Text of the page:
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Nigerian Government Reintroduces History In Basic Education 13 Years After Removal

History has been reintroduced as a stand-alone subject in the basic education curriculum in Nigerian schools.

The Federal Government has reintroduced history as a stand-alone subject in the basic education curriculum in Nigeria 13 years after its abolition.

Nigerian Government Reintroduces History In Basic Education 13 Years After Removal

Nigerian Govt Reintroduces History In Basic Education

The Minister of Education, Malam Adamu Adamu, disclosed this on Thursday while speaking in Abuja at the inauguration ceremony of the reintroduction of teaching of history and training of history teachers at basic education level.

Adamu, who was represented by the Minister of State for Education, Goodluck Opiah, said that a total of 3,700 history teachers had been shortlisted for the first round of training for enhanced teaching of the subject.

He expressed worry about the way the national cohesion was being threatened with the country retreating into primordial sentiments as a result of lack of knowledge of the evolution of Nigeria following the removal of history from the basic education curriculum.

The News Agency of Nigeria (NAN) reports that history was removed from primary and secondary education curriculums from the 2009/2010 academic session.

However, the minister ordered the reintroduction of the subject in 2019.

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“History used to be one of the foundational subjects taught in our classroom but for some inexplicable reasons, the steam of teaching and learning was abolished.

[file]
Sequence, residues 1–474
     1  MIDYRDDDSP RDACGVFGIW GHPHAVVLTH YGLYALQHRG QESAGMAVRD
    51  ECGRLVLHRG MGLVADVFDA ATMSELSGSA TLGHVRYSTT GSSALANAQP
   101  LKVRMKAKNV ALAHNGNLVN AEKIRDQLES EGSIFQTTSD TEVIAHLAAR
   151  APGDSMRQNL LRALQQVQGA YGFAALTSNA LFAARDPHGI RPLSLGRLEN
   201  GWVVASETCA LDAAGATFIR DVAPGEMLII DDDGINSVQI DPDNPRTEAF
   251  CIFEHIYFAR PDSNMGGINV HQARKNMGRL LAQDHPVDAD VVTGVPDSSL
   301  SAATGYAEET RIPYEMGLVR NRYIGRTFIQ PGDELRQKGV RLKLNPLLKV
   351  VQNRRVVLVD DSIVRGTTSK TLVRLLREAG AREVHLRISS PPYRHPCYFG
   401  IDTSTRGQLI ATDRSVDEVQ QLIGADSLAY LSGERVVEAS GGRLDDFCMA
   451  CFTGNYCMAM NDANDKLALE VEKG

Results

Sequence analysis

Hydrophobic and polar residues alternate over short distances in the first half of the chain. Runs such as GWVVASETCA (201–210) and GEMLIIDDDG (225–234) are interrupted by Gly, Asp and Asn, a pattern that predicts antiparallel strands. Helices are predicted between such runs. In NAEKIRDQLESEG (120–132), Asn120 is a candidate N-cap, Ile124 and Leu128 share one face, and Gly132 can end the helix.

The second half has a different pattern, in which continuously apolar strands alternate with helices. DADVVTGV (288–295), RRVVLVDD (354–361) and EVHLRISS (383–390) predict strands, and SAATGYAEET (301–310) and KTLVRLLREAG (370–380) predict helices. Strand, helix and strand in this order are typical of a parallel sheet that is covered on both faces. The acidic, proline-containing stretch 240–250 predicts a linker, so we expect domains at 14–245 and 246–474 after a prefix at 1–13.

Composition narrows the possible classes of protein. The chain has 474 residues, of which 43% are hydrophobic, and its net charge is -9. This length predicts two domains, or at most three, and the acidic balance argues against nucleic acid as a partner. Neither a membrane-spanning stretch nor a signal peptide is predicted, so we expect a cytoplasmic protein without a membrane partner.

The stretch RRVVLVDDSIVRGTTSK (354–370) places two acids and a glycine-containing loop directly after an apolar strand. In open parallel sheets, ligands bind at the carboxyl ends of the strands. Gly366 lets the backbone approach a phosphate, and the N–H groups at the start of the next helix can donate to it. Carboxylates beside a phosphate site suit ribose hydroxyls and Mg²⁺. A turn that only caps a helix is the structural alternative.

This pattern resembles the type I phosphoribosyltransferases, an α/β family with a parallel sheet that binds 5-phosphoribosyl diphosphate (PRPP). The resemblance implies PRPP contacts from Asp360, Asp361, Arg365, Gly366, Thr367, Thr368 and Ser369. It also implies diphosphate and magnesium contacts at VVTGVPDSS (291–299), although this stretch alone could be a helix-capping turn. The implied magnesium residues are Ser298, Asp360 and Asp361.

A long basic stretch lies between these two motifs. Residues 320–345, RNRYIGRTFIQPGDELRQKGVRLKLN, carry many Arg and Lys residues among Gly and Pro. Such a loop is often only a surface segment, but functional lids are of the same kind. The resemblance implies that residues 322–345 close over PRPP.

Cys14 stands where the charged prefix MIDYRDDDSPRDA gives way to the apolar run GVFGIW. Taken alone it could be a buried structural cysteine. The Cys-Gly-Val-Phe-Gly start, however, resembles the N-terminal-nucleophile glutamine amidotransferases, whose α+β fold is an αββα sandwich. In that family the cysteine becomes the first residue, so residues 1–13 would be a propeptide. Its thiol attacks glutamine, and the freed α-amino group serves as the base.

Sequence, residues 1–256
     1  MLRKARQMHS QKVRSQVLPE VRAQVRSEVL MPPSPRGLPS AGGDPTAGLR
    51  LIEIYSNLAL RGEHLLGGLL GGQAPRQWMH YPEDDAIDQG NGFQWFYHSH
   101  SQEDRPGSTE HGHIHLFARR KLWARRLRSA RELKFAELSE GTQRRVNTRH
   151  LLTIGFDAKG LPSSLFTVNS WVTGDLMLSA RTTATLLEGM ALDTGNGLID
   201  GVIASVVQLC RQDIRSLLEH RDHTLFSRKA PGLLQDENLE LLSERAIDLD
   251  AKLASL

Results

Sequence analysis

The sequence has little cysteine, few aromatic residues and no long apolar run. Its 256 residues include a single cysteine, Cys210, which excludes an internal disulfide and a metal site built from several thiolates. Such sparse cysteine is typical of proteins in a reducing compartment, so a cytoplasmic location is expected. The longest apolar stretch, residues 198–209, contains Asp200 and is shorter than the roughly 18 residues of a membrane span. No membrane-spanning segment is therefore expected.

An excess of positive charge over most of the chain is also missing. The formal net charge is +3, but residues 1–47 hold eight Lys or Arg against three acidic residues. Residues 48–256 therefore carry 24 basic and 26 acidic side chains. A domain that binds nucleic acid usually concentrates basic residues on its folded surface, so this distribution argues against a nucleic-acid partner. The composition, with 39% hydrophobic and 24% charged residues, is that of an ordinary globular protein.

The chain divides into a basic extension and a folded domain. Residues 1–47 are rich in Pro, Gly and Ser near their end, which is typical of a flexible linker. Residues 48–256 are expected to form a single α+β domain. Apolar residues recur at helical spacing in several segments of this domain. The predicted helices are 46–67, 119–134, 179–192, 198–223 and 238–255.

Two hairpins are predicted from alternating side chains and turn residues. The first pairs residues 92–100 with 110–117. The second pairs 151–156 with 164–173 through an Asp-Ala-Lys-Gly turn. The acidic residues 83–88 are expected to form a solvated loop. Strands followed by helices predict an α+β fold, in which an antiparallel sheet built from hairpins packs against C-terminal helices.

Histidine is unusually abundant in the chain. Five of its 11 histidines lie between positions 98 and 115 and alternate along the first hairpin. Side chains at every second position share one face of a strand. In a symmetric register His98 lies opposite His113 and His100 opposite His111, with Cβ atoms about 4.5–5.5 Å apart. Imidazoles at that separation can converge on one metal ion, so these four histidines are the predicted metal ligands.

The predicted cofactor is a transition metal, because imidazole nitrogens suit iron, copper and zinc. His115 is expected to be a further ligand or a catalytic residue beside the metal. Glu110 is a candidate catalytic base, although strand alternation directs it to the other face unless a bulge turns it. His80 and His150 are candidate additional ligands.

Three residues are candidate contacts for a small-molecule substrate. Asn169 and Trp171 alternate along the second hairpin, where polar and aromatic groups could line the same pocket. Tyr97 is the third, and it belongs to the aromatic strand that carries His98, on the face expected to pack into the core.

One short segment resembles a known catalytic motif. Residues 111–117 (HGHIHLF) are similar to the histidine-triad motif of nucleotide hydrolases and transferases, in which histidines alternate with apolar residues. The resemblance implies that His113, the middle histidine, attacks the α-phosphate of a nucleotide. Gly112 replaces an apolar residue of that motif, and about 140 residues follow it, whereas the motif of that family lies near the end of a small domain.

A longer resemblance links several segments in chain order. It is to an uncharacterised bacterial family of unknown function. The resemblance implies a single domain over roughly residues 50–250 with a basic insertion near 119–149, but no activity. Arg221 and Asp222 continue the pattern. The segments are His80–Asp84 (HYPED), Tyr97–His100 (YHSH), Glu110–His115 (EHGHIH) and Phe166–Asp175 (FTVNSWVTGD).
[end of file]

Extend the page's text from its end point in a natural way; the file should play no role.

“As a result, history was subsequently expunged from the list of subject combination our students could offer in both external and internal examinations compared to the subjects that were made compulsory at basic and secondary levels in Nigeria.

“This single act no doubt relegated and eroded the knowledge and information that learners could otherwise have been exposed to. It was a monumental mistake and have already started seeing its negative consequences

“The loss created by the absence of this subject has led to a fall in moral values, erosion of civic values, and disconnect from the past.

“More worrisome was the neglect of the teaching of this subject at basic and post basic levels of education which invariably eroded the knowledge of the evolution of Nigeria as a country,” he said.

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The minister added that the focus of the re-introduction was the training and retraining of teachers in order to enhance their capacity development would lead to the mastery of the subject.

He said teachers would be provided with the requisite skills needed to teach the subject.

Meanwhile, the Executive Secretary, Universal Basic Education Commission (UBEC), Dr Hamid Bobboyi, said a total of 3,700 history teachers had been selected from the 36 states of the federation and Federal Capital Territory (FCT) for training.

He added that the selection was done on pro-rata basis, 100 teachers each from a state and FCT, stressing that this would equip them with the necessary skills to teach the subject, especially with the modification of the subject content.

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Bobboyi said following the directive by the minister for history to be restored as a subject in schools, the commission and Nigerian Educational Research and Development Council (NERDC), swung into action which led to the flag-off.

Also, the Sultan of Sokoto, His Eminence, Muhammadu Abubakar, in his goodwill message, said Nigeria is still evolving and striving to achieve nationhood.

Abubakar said that the rich history of the country’s diverse constituents could be explored and exploited to serve as an effective tool for nation-building.

He appealed to traditional rulers as custodians of the nation’s rich culture, traditions and values, and indeed, all Nigerians to support the bold step taken by the government.

“We owe it a duty to encourage research for the documentation of the history of our people and should be forthcoming in granting access to historical records in our custody,” he said.

This comes a few days after Nobel Laureate, Professor Wole Soyinka said the removal of history from the Nigerian schools by the government cannot erase memories of the Biafran war.

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